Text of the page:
I have mentioned this previously - tranexamic acid powder (pure stuff, no need to mess around crushing tablets and then removing insoluble residues) is available from eBay UK - just search for tranexamic acid.

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                    • #25
                      Originally posted by johnabetts View Post
                      I have mentioned this previously - tranexamic acid powder (pure stuff, no need to mess around crushing tablets and then removing insoluble residues) is available from eBay UK - just search for tranexamic acid.
                      I'm trying this now. If it's not too much trouble, can you post any guidance on how to properly make the 3% solution used in some of the published studies? I'm not sure if I'm doing it correctly but understand if you don't want to post about this.

                      Edited: actually, I see another study is using 500 mg of TA in 5 ML of water, so I guess it's just a matter of getting something that can measure that small of a weight and volume accurately.
                      Last edited by jrlhamcat2; 26 December 2018, 01:52 PM.

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                      • #26
                        Originally posted by antwantsclear View Post
                        I'm interested if anyone has had success taking the oral tablets of t. acid. I'm still concerned it will cause clotting of the blood vessels and further flushing.
                        This analysis of 561 patients in Singapore shows oral tranexamic acid is helpful for melasma, so it seems plausible that it could help rosacea as well. However, it recommends being screened for clotting risks before taking oral TA as one patient (later found to have a genetic abnormality related to clotting) had a deep vein thrombosis.

                        From other papers it seems topical TA does end up in the blood and urine as well, but at much lower levels than oral, and i couldn't find any reports of a DVT from topical TA. The reported adverse effects, at least for the concentrations used in the dermatological studies, seem to be limited to skin irritation or dryness.
                        Last edited by jrlhamcat2; 26 December 2018, 01:48 PM.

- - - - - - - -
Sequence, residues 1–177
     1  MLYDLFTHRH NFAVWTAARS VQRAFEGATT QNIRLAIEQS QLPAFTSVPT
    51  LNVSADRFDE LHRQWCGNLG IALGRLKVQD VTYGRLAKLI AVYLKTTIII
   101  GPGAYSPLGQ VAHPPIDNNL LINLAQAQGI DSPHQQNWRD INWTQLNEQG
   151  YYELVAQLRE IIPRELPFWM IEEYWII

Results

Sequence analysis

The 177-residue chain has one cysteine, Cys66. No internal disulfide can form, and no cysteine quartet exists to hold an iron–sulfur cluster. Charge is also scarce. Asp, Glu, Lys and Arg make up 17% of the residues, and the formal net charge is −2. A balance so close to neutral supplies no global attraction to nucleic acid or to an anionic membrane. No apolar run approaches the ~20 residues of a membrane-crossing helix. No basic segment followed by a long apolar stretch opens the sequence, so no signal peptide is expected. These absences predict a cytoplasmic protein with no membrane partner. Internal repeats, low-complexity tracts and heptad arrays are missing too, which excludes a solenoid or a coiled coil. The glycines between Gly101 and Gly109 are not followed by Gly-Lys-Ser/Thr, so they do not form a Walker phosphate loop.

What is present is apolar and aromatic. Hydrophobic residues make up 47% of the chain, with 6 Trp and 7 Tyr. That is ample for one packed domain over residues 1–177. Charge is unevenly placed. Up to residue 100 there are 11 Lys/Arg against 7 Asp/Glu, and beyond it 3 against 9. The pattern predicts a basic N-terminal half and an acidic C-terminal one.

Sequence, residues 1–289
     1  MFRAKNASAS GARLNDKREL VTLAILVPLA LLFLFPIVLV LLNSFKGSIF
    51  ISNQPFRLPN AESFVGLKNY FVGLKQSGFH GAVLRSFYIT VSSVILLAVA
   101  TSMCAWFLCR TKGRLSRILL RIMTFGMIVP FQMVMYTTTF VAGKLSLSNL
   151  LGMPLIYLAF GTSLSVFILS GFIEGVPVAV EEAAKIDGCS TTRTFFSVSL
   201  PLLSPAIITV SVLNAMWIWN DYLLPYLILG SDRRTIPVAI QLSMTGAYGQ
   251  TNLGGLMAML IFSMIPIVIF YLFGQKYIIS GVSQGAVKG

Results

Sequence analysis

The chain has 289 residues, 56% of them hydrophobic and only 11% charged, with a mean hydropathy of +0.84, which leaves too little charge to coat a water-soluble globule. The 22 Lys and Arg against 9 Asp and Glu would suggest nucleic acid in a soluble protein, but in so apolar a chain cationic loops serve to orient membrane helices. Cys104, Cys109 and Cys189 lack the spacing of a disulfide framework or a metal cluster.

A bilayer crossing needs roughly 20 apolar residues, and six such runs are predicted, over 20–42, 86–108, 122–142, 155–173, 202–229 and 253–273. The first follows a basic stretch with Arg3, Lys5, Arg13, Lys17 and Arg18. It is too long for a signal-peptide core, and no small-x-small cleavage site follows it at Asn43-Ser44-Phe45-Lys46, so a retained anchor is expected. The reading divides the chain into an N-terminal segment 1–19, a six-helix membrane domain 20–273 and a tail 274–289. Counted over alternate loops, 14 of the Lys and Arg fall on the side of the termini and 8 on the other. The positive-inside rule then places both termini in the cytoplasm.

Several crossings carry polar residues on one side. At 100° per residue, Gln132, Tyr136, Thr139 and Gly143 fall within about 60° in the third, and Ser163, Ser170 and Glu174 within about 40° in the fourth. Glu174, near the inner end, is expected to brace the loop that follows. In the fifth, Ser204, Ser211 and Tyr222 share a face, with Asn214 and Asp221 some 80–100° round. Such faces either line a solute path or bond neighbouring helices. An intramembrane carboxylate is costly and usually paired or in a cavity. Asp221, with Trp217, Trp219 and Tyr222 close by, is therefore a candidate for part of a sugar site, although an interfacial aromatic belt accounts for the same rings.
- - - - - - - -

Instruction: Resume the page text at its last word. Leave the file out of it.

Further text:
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                        • #27
                          Originally posted by jrlhamcat2 View Post
                          I'm trying this now. If it's not too much trouble, can you post any guidance on how to properly make the 3% solution used in some of the published studies? I'm not sure if I'm doing it correctly but understand if you don't want to post about this.

                          Edited: actually, I see another study is using 500 mg of TA in 5 ML of water, so I guess it's just a matter of getting something that can measure that small of a weight and volume accurately.
                          Is there a reason you're not asking a pharmacist to compound this for you?

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                          • #28
                            Originally posted by dryad View Post
                            Is there a reason you're not asking a pharmacist to compound this for you?
                            Is that something an ordinary person with no medical position can request in the US? I should look into it. I suspect they won't be happy with me bringing them a powder I bought on ebay.
                            Last edited by jrlhamcat2; 26 December 2018, 05:11 PM.

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                            • #29
                              Another clinical paper just released on TXA says, "Finally, TXA repressed the angiogenesis by reducing the number of CD31+ cell and downregulating the expression levels of VEGF in rosacea. In conclusion, our finding defines a treatment mechanism by which TXA ameliorates rosacea symptoms by regulating the immune response and angiogenesis."

                              Int Immunopharmacol. 2018 Dec 19;67:326-334
                              Tranexamic acid ameliorates rosacea symptoms through regulating immune response and angiogenesis.
                              Li Y, Xie H, Deng Z, Wang B, Tang Y, Zhao Z, Yuan X, Zuo Z, Xu S, Zhang Y, Li J
                              Brady Barrows
                              Blog - Join the RRDi


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                              • #30
                                Originally posted by jrlhamcat2 View Post
                                Is that something an ordinary person with no medical position can request in the US? I should look into it. I suspect they won't be happy with me bringing them a powder I bought on ebay.
                                You'd have better luck if you ordered it through them, I imagine.